"Scales of Perception" is a three-person show between artists Joe Addison (photography), Jamie Danielle Hardy (installation) and Nadia Shinkunas (paintings and sculpture). Each working in distinctly different media, the artists overlap in their investigations of how light and perspective alters what viewers see on the outside and, in turn, feel on the inside. Changes are felt incrementally as shapes move forward and backward, from architectural to microscopic, and between light and shadow.
The exhibition will be shown in the Michael Phipps Gallery, opens a new window from July 6-September 3. An opening reception for the exhibition will be held on Friday, July 6, from 4-6 p.m., with a discussion with the artists around 5 p.m.
In the series, Nocturnes, multiple negatives are paired with musical scores from Chopin's Nocturnes to convey a connection between the reminiscent feeling while considering personal memories and classical music. Rather than showing the descriptive side of photograph, these images are intended to comment on the emotions that were being captured through movement and use of color/light. These chromogenic prints were made traditionally, in a color darkroom through manipulation of ink, paper, and the use of multiple negatives.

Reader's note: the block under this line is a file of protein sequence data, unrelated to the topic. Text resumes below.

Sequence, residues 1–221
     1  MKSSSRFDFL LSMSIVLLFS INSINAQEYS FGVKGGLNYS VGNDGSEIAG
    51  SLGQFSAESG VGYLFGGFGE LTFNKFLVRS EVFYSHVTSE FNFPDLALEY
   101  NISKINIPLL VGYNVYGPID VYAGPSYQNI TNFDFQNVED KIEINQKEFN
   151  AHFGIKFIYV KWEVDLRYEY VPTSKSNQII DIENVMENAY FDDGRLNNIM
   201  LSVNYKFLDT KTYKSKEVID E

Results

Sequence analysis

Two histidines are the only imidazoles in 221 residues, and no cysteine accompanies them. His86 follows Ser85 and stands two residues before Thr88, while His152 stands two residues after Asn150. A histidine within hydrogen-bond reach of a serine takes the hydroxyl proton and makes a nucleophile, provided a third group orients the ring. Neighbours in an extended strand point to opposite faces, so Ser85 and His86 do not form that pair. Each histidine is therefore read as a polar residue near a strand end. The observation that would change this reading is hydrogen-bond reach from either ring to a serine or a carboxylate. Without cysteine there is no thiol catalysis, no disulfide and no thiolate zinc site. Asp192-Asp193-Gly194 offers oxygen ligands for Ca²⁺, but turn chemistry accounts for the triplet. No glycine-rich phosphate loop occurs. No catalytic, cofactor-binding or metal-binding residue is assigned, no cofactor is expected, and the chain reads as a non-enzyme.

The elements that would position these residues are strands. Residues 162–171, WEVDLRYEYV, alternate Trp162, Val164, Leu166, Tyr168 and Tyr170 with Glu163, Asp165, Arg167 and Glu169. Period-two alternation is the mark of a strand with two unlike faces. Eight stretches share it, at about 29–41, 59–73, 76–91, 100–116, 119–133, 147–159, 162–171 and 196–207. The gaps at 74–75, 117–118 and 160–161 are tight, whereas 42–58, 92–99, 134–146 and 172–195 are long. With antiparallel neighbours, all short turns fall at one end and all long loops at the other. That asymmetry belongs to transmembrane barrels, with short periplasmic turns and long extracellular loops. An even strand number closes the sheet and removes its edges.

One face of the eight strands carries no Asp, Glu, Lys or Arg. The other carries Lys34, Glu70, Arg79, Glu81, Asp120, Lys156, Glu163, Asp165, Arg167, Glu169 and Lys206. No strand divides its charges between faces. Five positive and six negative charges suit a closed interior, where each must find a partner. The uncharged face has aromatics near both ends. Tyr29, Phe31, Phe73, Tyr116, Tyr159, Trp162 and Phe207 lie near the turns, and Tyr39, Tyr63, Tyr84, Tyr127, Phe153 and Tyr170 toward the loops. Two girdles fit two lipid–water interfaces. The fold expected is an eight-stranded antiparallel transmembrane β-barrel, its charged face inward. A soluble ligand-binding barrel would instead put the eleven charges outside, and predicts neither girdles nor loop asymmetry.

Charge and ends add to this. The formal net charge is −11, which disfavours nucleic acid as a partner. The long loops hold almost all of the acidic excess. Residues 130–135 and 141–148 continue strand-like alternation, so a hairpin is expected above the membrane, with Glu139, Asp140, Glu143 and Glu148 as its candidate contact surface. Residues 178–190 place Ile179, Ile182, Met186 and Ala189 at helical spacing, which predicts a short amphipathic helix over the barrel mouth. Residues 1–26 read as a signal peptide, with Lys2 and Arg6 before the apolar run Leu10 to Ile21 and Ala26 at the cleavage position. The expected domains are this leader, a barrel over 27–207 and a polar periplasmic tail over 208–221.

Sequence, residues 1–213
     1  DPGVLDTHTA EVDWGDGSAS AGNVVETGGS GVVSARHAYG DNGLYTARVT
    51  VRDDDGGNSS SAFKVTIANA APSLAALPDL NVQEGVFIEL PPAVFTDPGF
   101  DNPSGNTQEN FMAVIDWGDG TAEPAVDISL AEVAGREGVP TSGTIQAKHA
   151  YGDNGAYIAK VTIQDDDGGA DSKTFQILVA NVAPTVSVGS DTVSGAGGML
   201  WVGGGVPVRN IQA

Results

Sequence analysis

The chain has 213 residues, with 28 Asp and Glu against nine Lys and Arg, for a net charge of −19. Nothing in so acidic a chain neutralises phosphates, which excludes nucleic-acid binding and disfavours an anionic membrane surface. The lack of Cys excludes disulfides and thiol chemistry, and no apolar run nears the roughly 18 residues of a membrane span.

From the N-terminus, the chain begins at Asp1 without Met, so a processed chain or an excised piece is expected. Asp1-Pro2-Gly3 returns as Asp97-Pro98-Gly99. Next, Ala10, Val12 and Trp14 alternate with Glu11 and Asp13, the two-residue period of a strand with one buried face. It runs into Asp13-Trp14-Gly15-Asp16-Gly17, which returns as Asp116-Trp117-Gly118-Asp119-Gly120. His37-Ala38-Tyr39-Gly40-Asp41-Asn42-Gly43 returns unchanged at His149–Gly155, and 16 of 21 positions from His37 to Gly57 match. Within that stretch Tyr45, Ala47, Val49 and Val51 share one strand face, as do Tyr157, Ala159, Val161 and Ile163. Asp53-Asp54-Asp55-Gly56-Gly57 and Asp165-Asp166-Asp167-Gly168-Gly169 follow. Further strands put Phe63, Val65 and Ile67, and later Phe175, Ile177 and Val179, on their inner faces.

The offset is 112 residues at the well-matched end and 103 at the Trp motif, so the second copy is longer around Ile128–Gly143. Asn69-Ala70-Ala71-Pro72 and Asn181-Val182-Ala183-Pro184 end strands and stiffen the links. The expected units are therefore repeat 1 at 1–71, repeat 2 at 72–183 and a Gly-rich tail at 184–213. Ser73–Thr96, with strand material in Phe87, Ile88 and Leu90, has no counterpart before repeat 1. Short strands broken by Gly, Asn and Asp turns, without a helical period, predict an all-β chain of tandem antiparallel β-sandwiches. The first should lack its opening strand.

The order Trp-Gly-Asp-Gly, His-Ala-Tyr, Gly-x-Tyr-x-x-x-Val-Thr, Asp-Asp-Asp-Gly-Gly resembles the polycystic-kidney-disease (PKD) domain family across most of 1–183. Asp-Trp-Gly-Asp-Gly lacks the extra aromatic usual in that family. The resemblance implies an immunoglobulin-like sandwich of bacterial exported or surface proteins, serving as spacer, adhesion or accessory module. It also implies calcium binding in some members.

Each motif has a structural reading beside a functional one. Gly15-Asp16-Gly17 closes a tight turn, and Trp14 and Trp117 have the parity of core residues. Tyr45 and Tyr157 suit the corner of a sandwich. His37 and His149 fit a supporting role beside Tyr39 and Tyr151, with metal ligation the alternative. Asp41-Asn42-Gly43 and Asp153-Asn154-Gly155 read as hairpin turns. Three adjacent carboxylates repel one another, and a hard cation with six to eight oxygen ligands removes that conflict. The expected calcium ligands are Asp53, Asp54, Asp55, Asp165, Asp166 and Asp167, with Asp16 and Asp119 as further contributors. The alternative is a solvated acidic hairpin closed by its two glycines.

I capture moments on video, generally still and up to a minute in length. Only the subtle movement within the frame and changing sound references the passing time. I then give life to the tiny nuances of color and shifts in light by placing delicate objects in the path of the projection.
My work is methodical and meditative in nature. Allowing me the opportunity to focus on the concept of memory and the intricacies and depth within each fleeting moment.
My art is about shadows, negative space, and details perceived as insignificant, but couldn't be farther from that. We absorb a massive amount of visual information daily, but do we really comprehend what we see? In this fast paced world, I focus on how seemingly minuscule variables, e.g. light, shadow, location; constantly alter our perceptions without us even noticing.
I imagine being able to see multiple perspectives existing in the same placeand time, and what that might look like. Exercising the mind this way allows one to see more of the infinite possibilities in both art and life. When we open ourselves up to new experiences, new paths are created in our brain, like taking a different road home. Instead of robotically repeating remembered rituals, we begin to see new avenues, new methods. Instead of coasting, we can drive.